The main shopping street, Hertensteinstrasse, is lined with high-end retail stores and Bucherer has, allegedly, the world’s largest selection of Rolex watches. “Lucerne is China’s #1 destination in Switzerland. They love the cultural diversity, cruises on the lake, the proximity to the mountains but also things we take for granted like fresh air,” commented Gisler.
Chocolates at Max Chocolatier
But watches are not the only thing that comes to mind when thinking of Switzerland. As we all know, there is chocolate and then, there is Swiss chocolate. At Max Chocolatier in Lucerne, artisan chocolate, which is meant to be savored, is hand-made. In addition to basic varieties like milk, dark, hazelnut, caramel, etc. there are also more exotic types with ingredients such as pumpkin, chili, or even Tasmanian pepper.
One truffle takes four days to make according to store manager Daniela Silva and while not inexpensive, each bite delivers a rich, intense taste, so a small (or big) box is well worth the money! If you can refrain from eating it all, you can keep your treats in a chocodor. “The best place to store chocolate is actually in a wine cellar ideally at around 19°C, dry and dark”, explained Silva.
“This handmade wooden treasure chest replicates those conditions.” For 599CHF ($595), however, you could buy many more of those chocolate truffles.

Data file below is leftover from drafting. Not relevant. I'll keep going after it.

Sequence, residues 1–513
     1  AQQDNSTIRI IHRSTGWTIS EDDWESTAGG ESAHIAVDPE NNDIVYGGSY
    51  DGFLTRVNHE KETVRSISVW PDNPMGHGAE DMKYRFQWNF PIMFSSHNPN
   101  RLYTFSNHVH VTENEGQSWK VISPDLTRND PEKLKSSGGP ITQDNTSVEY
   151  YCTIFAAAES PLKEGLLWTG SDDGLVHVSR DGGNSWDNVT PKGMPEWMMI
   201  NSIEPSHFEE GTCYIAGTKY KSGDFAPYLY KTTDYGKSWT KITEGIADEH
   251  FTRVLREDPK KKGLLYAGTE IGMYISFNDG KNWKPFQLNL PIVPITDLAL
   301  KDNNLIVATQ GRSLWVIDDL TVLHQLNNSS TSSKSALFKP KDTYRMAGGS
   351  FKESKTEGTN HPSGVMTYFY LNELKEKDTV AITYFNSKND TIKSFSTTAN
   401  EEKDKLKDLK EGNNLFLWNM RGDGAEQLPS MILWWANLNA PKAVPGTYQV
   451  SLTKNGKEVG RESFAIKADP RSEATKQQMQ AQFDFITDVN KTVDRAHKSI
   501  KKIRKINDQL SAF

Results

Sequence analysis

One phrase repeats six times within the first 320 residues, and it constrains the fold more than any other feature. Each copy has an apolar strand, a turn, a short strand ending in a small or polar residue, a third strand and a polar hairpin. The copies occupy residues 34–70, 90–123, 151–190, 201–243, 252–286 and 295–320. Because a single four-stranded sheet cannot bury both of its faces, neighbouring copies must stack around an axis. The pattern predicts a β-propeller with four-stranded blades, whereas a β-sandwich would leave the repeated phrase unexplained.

Another delicacy, available only in the cold months between October and March, are Heissi Marroni (hot chestnuts) which are sold at little outdoor stalls along the riverfront and in the Old Town. In the frigid winter, the steaming snack warms both inside and outside just like the Chäs Chüchli, little cheese tartlets found on hot plates outside some bakeries in Lucerne.
The local cuisine is hearty and often served in a rustic ambiance in the many traditional guesthouses of Lucerne, like the family-run Wirtshaus Galliker Luzern which has been open for over 160 years, or the Zunfthausrestaurant Pfistern, the town’s only surviving guild house dating back to 1578. It also has an eye-catching fresco and is one of around 200 painted houses in Lucerne.
A Lion and a Legend
A short walk from the center of town lies what might arguably be the most famous lion in the world. An animal one would not expect to find in this part of the world, the story behind the titular rock carving is a tragic one. On August 10, 1792, some 1,000 Swiss Guards in Paris, seeking to protect the life of King Louis XVI from revolutionaries, paid the ultimate price for their unconditional loyalty.